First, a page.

Gmail Meter is pretty slick as it has provided me a perspective of what my life looks like in a way I never have been able to really calculate.
What Gmail Meter does is simply show you the statistics around your emailing activity – anything from volume to response time to categorization and even email length in terms of responses.
Wow! It was incredibly insightful. Here’s what September looked like for me (only one email account) in a snapshot – although it’s worth noting that I manage 4 very active email accounts and so this is just about 25% of what really comes in – I’m doing some reporting on the other email accounts as well to get a full view of what’s really happening, but I imagine that I get 3 to 4 times what this report says here.
As you can see, I rarely ever star any of my emails – this is because I typically am able to have an answer or solution prepped quickly without having any particular email stand-out as more important than any other email.
My system is quite simple as it’s somewhat condensed and customized version of Inbox Zero – my goal is to head to bed with zero email conversations that require my attention, not necessarily have no emails in my inbox, although that is always a nice thing to have!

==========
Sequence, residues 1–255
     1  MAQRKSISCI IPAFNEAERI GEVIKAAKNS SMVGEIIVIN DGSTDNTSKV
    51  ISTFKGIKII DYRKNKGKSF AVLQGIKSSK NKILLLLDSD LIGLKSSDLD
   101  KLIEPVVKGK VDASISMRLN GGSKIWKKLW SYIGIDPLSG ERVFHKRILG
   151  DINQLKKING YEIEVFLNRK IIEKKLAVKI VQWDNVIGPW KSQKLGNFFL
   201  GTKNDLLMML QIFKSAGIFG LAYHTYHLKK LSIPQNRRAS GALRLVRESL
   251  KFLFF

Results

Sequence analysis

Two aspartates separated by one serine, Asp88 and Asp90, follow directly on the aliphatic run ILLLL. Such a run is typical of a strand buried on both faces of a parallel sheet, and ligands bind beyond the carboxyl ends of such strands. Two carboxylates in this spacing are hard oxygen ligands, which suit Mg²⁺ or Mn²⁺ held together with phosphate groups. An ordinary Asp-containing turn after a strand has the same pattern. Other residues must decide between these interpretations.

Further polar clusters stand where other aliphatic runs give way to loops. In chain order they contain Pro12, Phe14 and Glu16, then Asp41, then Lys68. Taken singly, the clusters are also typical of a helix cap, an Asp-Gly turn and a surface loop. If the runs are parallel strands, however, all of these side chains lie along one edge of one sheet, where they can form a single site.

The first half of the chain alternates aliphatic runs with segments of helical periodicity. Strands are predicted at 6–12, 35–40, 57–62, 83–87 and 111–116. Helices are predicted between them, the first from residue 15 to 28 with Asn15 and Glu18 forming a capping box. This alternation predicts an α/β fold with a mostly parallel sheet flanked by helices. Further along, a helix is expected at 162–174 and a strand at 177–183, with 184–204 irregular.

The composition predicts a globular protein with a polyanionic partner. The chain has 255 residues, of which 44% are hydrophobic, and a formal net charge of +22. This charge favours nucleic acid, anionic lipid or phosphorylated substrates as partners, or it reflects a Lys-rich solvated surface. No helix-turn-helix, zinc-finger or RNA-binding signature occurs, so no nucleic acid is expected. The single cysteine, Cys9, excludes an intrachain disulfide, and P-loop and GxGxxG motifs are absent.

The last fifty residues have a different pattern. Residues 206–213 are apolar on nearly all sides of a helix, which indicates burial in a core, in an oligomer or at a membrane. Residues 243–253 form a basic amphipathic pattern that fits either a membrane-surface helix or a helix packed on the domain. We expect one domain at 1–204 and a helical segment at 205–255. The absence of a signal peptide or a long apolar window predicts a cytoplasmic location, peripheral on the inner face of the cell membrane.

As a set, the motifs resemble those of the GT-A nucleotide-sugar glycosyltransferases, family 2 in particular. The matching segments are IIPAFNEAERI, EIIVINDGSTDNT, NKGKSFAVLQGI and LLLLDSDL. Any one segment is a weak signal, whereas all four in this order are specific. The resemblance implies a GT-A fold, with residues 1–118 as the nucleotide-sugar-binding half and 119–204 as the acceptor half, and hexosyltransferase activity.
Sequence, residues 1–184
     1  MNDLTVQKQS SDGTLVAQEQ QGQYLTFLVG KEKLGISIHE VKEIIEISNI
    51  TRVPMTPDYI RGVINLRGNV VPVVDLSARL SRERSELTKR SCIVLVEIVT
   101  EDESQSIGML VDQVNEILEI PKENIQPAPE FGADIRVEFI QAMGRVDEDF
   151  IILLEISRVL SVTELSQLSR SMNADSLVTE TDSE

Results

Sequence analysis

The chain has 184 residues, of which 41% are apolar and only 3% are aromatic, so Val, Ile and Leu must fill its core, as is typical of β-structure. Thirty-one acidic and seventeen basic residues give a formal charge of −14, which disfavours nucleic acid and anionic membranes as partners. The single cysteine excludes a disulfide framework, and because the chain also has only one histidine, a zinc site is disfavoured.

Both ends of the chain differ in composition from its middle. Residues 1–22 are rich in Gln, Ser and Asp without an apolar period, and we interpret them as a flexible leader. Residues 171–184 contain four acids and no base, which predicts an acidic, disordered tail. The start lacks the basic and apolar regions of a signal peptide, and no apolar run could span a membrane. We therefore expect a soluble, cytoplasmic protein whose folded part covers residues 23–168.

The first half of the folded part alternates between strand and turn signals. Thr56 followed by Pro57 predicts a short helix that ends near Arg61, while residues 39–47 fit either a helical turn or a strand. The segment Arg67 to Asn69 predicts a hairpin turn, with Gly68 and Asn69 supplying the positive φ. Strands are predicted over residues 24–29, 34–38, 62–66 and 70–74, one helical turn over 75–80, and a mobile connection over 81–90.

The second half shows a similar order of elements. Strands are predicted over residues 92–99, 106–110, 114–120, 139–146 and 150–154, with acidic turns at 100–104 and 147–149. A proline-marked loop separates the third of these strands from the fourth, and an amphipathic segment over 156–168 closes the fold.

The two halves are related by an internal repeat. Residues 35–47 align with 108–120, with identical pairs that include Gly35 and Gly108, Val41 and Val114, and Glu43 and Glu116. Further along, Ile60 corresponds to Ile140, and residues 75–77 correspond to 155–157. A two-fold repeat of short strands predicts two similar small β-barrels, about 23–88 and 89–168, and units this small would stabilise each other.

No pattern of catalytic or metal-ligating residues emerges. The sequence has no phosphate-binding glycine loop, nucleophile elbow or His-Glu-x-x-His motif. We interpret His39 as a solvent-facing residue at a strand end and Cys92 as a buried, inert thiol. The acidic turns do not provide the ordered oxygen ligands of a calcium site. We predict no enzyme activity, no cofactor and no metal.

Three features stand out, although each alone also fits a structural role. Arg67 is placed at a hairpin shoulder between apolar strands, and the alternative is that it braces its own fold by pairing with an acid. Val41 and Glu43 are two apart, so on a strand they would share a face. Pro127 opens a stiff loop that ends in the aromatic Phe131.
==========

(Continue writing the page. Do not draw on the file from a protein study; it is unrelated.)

You’ll see this as to how many I have in my “Inbox” in another graph shortly.
Some Daily, Weekly, and Monthly stats:
One interesting thing of note for me is that I don’t keep many of the things that I email about – in fact, my goal to a certain degree, is to reduce the clutter globally as best as I can. This means that I’m much more willing to simply trash a conversation instead of archiving it.
This very interesting distribution shows some of that behavior as 25% of all emails eventually head to the trash bin while 60% go into labels or archives (effectively the same thing).
I know some people who keep nearly everything… bleh!
Here are some very interesting stats that hide a bit of my method though…
This above graph is interesting because I simply do not have a problem not answering some emails that come through into my inbox. In fact, I get a lot of emails that don’t have any real value or are not really asking to be answered. So those instantly get thrown into the trash-bin.
I wish it was able to deep-dive into that a bit more because it would show how I respond very quickly to most “real” emails.
This shouldn’t surprise many of you since I typically respond with very short sentences or a combination of a few words to many emails.
It is what it is.
I’m going to be thinking about this more and how it reflects the way I manage email. Thoughts on this? Love to hear your perspective and whether reality matches your perception!